Florida sees COVID-19 surge in emergency rooms, near past winter's peaks

Rates of COVID-19 have surged in Florida emergency rooms over recent weeks, according to new figures from the Centers for Disease Control and Prevention, and are now near peaks not seen since the worst days of this past winter’s wave of the virus.

The weekly average of emergency room patients with COVID-19 has reached 2.64% in Florida, according to CDC data updated Friday, and now rank among the highest of any state during this summer’s COVID-19 wave.

Trends from Florida have also climbed steeply in other key metrics that authorities now use to track COVID-19, including in wastewater and nursing homes. 

Chart from the CDC illustrating COVID-19 emergency room patients in Florida through July 2, 2024.

Centers for Disease Control and Prevention

Florida’s steep increase in COVID-19 emergency room patients echoes that in some western states, which saw trends of the virus pick up in recent weeks. 

Trends remain high across the West, though COVID-19 emergency room visits now appear to have peaked in Hawaii after recording some of the highest rates of patients in over a year. 

“Over the past few weeks, some surveillance systems have shown small national increases in COVID-19; widespread as well as local surges are possible over the summer months,” the CDC said in a bulletin issued Wednesday.

Nationwide, the majority of states are also now estimated to be seeing COVID-19 cases grow, the CDC’s forecasters said this week. 

A growing number of states have also begun to see COVID-19 increase in data from hospitals, the Centers for Disease Control and Prevention said Friday in its weekly report on the virus.

“Some areas of the country are experiencing consistent increases in COVID-19 activity, including increases in COVID-19 test positivity and emergency department visits and increases in rates of COVID-19–associated hospitalizations among adults 65+ at several sites,” the agency said.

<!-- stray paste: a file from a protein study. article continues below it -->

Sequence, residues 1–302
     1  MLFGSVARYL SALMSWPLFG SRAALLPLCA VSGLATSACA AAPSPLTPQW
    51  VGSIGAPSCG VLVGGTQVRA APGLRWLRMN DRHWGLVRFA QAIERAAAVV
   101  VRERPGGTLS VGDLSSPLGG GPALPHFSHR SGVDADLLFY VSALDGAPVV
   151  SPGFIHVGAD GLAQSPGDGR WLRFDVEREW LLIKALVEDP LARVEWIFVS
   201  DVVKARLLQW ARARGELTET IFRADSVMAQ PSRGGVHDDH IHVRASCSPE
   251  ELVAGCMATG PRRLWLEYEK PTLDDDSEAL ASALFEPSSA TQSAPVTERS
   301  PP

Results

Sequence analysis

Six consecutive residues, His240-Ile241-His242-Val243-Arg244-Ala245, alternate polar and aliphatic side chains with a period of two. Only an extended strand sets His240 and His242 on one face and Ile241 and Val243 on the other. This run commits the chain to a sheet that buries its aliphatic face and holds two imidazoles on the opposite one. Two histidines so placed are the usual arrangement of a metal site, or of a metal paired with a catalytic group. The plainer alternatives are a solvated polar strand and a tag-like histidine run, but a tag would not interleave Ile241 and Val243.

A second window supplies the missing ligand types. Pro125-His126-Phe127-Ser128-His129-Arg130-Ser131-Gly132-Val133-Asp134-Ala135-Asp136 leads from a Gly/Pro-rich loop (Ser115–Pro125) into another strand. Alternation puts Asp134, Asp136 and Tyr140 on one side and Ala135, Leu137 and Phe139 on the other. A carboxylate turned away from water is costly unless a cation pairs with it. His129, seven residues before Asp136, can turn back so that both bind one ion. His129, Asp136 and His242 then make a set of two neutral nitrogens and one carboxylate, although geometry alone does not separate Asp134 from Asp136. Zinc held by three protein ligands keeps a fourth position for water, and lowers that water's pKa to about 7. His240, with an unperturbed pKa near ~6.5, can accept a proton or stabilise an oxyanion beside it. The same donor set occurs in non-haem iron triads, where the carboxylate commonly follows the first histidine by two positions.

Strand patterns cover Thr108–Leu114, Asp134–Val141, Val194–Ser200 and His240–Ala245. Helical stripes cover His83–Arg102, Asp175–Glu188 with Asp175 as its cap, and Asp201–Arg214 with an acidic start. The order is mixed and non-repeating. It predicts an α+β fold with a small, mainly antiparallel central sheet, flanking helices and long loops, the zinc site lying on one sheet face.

The agency has been cautious in recent weeks saying that this year’s summer COVID-19 surge had arrived, saying that recent increases were coming off of record low levels of the virus. 

“This past winter, COVID-19 peaked in early January, declined rapidly in February and March, and by May 2024 was lower than at any point since March 2020,” the CDC said.

Outside of Florida and the West, rates of emergency room visits with the virus remain far from previous peaks, despite recent increases. Overall, the CDC says that nationwide activity of COVID-19 remains “low.”

Previous years have seen COVID-19 activity pick up at least twice a year since the pandemic began, once during the summer or early fall after a lull during the spring, and then again during the winter, driven by new variants of the virus

The closely related KP.2 and KP.3 variants are currently dominant nationwide, driving more than half of cases in recent weeks, according to estimates published Friday by the CDC.

Behind them, a mix of other variants have accelerated. LB.1 is next largest, at 14.9% of cases. And in the region spanning New Mexico through Louisiana, the CDC estimates a new variant called KP.4.1 surged to 17.9% of infections through June 22.

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